Huskie How-To: Shooting three-pointers

By in Sports & Health

For anyone who watches basketball, the three-point shot is one of the most important and exciting parts of the game. Any shot that is attempted from beyond the arching line on the court — approximately 20 feet, depending on the angle — is worth three points and is essential in any level of basketball, especially for smaller guards who play on the perimeter.IMG_8773

Third-year Huskie sharpshooter Alex Unruh of the men’s basketball team gave me a brief step-by-step tutorial on how to shoot the trey ball — for newbies like myself.

“You start with your legs and having a good, strong base is a key to any jumpshot. For me, when I’m off balance, or my legs aren’t under me, then it’s tough to get it to go in — or even if it does go in, it doesn’t feel good,” Unruh said. “If you look at a guy like Steph Curry, his feet are always underneath him. So everytime I shoot, I make sure my feet are set, that’s a big key for me.”

With that in mind, we practiced having a solid foundation before putting up a shot. Unruh also mentioned how it’s important to jump when you’re shooting, as opposed to barely getting off the ground and using your arms to shoot, like me.

“The second thing is to catch the ball clean, and then having as little motion between the catch and when you’re releasing the ball. If you’re doing lots of things before you shoot the ball, then there’s plenty of room for error,” he said. “So having as fluent a motion as possible, and a simple motion as possible is key. Something I’m always trying to work on is simplifying my release.”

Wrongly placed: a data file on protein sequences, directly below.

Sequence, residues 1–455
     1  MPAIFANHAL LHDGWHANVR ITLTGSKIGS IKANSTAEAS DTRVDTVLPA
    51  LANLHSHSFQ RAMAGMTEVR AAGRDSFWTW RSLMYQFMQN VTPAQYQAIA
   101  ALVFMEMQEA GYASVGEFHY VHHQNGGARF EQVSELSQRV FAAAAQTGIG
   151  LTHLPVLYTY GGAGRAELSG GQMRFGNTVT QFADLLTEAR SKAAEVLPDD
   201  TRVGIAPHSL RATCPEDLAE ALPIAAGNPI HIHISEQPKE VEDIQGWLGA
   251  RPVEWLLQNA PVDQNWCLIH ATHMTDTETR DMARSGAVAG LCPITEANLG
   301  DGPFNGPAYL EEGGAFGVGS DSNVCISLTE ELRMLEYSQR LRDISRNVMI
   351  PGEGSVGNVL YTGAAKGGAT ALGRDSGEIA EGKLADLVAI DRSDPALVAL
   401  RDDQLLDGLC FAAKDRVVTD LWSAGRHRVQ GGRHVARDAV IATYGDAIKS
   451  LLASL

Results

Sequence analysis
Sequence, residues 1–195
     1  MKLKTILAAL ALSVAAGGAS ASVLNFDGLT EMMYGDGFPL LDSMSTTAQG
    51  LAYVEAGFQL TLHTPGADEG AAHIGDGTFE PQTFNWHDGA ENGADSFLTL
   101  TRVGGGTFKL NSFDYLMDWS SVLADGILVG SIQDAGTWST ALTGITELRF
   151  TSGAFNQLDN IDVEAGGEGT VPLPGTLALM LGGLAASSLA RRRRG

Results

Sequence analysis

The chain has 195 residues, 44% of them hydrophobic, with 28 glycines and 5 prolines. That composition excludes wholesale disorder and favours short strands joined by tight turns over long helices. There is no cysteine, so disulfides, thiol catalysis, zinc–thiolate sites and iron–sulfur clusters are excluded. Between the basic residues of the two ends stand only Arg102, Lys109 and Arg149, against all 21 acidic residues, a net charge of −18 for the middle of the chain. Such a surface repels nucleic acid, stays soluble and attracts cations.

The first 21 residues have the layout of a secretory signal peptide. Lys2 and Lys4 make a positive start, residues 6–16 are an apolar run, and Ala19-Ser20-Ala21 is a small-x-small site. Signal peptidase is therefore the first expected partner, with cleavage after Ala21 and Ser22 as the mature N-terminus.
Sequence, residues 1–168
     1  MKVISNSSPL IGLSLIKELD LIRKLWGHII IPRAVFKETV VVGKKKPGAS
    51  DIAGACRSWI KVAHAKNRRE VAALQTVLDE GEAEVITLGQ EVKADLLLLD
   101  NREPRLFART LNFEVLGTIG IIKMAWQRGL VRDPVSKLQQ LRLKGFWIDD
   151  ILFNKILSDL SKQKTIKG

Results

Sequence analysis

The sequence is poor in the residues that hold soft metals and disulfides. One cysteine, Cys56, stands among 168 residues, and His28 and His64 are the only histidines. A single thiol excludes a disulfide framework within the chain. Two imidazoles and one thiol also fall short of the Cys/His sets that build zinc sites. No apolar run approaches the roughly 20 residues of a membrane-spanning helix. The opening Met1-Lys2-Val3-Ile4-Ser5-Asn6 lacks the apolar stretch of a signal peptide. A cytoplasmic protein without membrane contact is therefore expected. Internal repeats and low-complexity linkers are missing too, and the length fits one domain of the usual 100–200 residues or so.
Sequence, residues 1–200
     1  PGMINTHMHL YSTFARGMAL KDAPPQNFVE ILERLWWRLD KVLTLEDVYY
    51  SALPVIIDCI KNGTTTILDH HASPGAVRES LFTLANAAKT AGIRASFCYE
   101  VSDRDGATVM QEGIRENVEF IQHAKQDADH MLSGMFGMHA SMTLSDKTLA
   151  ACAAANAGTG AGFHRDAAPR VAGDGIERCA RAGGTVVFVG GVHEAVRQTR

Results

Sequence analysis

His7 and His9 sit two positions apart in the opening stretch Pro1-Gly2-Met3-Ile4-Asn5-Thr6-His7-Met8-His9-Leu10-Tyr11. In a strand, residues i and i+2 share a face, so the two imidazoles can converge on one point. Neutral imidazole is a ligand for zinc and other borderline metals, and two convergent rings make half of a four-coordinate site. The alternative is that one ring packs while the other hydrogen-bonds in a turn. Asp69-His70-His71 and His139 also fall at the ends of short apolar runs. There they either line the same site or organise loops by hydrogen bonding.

With these simple tips in mind, I watched Unruh’s demonstration — and boy, did he make it look easy. After missing his first attempt, he banged in five in a row, ultimately hitting seven of his 10 shots. That’s success Unruh is familiar with, as he shot 39.5 per cent from beyond the arc with the Huskies this season.

Looking to follow his impressive performance, I proceeded to clank my first six shots off the rim, before finally swishing one home — much to my delight, as I paraded around the gym in celebration. It’s safe to say they won’t be saving a spot for me on the team. But according to Unruh, practice makes perfect, so maybe there’s hope for me yet.IMG_8795

“Once you’ve found something you’re comfortable with, it’s just about repetition. That’s why we’re always in the gym — putting up lots of shots and making sure you’re doing the same thing over and over,” Unruh said. “When I’m by myself in the gym, I put up anywhere between 250-350 shots in one session. Repetition is important, but once you get tired, your form starts to go and that’s when it’s time to quit.”

Unruh’s best performance of the year came on Feb. 6 against the Brandon University Bobcats, where he tallied 25 points and went 5–8 shooting from downtown. He remembers that game well and said it’s one of his favourite memories as a Huskie so far. Unruh says a big key to shooting well is getting in the zone — and he was feeling it that night.

“Last year, in a game against Brandon I think, I had 25 points or something, and my shot felt really good then,” Unruh said. “It’s better to get up and down the court a few times and get in the rhythm of the game. Once you do that, maybe you make a couple and then you really start to feel good — it’s all about finding a rhythm and I was feeling good that night.”

Photos: Caitlin Taylor / Photo Editor